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Revision to Tracking Device

Austin Blakely

Vehicle tracking systems are classified as either “passive” or “active.” Passive devices store GPS location, speed, heading, and trigger events such as door open/close and key on/off. When the vehicle returns to a predetermined point, the tracking device is removed and the data is downloaded to a computer for evaluation. Active devices collect the same information as passive tracking devices but transmit the data in near-real-time via cellular or satellite networks to a computer or data center.
 
Modern vehicle tracking devices usually combine both active and passive tracking abilities. When a cellular network is not available, the device stores indata to internal memory and transmits the stored data to the server when the network becomes available again. Historically, vehicle tracking devices are installed in a box, which is then placed into the vehicle and is either self-powered with a battery or wired into the vehicle’s power system.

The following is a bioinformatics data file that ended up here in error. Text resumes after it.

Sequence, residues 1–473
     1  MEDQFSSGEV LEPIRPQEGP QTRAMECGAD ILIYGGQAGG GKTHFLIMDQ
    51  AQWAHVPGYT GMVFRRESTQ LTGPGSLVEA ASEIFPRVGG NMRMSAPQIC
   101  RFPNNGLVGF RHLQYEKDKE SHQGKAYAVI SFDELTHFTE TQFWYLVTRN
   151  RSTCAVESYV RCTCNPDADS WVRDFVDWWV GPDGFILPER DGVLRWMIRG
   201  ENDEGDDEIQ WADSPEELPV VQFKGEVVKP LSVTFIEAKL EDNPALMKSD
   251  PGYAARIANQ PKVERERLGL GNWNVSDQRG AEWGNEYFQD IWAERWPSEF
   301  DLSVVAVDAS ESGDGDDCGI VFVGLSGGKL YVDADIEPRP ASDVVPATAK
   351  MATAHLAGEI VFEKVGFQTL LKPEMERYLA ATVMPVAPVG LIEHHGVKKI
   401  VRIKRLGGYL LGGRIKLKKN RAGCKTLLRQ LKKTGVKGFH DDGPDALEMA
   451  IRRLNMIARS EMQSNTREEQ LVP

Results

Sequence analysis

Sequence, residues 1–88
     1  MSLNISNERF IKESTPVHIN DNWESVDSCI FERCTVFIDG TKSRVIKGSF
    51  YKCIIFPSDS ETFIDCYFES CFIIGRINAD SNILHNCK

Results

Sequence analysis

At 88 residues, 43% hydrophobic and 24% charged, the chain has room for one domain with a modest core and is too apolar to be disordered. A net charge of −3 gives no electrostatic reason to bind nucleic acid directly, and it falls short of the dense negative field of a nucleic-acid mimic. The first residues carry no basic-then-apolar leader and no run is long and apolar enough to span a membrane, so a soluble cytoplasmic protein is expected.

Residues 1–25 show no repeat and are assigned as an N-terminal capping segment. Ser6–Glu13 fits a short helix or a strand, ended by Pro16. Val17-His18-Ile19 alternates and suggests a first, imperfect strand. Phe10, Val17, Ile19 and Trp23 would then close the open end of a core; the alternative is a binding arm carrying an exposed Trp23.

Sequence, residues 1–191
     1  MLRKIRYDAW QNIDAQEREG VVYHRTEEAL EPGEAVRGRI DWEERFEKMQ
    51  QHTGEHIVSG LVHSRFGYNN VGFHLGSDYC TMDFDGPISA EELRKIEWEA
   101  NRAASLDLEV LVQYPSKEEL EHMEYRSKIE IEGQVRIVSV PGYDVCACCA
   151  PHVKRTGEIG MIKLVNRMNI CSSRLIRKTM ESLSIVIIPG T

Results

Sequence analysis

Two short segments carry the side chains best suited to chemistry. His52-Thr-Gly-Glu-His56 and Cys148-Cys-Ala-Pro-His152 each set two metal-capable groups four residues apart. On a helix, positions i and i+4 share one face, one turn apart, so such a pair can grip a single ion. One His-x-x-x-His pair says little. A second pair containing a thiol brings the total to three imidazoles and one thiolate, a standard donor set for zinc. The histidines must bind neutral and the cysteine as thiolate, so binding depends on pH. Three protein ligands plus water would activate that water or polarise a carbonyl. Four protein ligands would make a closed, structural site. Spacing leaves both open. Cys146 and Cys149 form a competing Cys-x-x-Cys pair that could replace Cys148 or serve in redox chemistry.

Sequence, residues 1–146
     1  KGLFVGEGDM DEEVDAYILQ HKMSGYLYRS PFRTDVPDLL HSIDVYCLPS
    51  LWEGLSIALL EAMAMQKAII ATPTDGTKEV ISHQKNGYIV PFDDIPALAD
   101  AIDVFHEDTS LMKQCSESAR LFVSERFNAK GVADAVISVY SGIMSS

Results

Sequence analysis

Modern vehicle tracking devices usually combine both active and passive tracking abilities. When a cellular network is not available, the device stores indata to internal memory and transmits the stored data to the server when the network becomes available again. Historically, vehicle tracking devices are installed in a box, which is then placed into the vehicle and is either self-powered with a battery or wired into the vehicle’s power system.
 
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